The Command


In the 1870s Hans von Bülow was one of Europe’s great conductors and an outspoken advocate of democracy. When the Russian Musical Society asked him to direct some concerts in St. Petersburg, he found himself on a collision course with Grand Duke Constantine, president of the Russian Musical Society, the brother of the Czar.

Arriving at the Marble Palace, Bülow was presented to the Grand Duke by cellist Charles Davidoff and treated to a performance that included the Grand Duke playing the cello. Was the music less than noble or was one of his nervous headaches coming on? For whatever reason, Bülow became increasingly restless during the performance. Suddenly, without a word of explanation, he jumped from his seat, rushed out of the great hall that served as the music room, ran down the grand staircase, and fled the palace.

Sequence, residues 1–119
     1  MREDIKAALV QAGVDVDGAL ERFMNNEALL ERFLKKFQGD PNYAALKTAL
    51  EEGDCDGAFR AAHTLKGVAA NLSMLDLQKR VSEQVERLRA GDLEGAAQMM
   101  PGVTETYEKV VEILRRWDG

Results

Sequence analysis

The Grand Duke took it in stride, but Davidoff was pale and stammering in his attempt to come up with an explanation. Bülow had gotten into some disagreements with the orchestra, and one of the musicians used his hasty retreat as a way to get back at him.

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At dinner he told the Grand Duke that in rehearsal Bülow had changed a note in the clarinet part of the beloved Russian Fantasy of the esteemed Russian composer Mikhail Glinka. Now furious, the Grand Duke commanded Davidoff to tell Bülow that he was not to change a single note of Glinka’s work while it was performed in Russia. At the next day’s rehearsal, a nervous Davidoff conveyed the message to the conductor. Bülow burst into laughter and with mock gravity told the clarinetist to change the note back, then made an exaggerated bow to the Grand Duke.

It’s unlikely that the rest of Hans von Bülow’s Russian sojourn did much to alleviate his headaches.

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